Marc: It’s always a good question. A lot of people do lead scoring. That can get complicated. A lot of times, I do my best to get visible and send them direct to the rep if I can. There’s been a big movement I think in the last five, 10 years about, “Okay, let’s do smaller amounts of lead forms and less fields on the lead form.” Well. Well, the downside– you got to append that on a lead, the downside of that is accuracy getting it to the reps. If you can get the leads directly to the rep– which is one of the things I’m working on now, it’s a lot nicer than have them go to a queue and getting that list. We’re in a situation where we want reps to respond to every lead, I’m starting to have them convert leads quickly to contacts rather than let them sit too long.
It’s those kind of things you really got to monitor. Got to keep on it, get a good dashboard, get the leads directly to the rep.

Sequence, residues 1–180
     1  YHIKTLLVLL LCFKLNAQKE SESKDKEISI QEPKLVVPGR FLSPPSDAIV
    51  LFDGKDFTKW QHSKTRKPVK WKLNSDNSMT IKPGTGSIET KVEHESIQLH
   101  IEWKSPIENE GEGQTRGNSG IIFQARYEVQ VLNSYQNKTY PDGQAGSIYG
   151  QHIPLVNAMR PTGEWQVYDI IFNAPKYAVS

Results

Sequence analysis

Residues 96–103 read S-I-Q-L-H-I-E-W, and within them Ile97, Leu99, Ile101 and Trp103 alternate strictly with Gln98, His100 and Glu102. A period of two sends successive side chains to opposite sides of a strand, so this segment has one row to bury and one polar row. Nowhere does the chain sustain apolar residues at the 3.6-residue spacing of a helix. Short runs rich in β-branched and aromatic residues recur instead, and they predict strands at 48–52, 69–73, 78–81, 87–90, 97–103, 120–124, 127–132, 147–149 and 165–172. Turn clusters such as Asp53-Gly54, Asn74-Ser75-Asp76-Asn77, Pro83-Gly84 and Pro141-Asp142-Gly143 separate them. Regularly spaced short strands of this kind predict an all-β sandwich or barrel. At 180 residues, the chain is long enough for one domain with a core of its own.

Tom: Right now, all the leads coming in through Marketo are being filtered to a rep?
Marc: More or less. We got some that we put on hold per se and go through nurture program and then bubble up to reps.
Tom: Then one final. Zach’s very active today. It is quite a broad one. How do you measure success in sales operations?
Marc: It’s always a great question, especially when you’re doing sales enablement. It is important to have kudos from the sales team, and have that respect. When people go ask the sales team, “How you’re doing?” It’s great for them to say, “Great. We like those guys and girls.” Then, also, if you look back— I like to look for meetings as a great example or activities.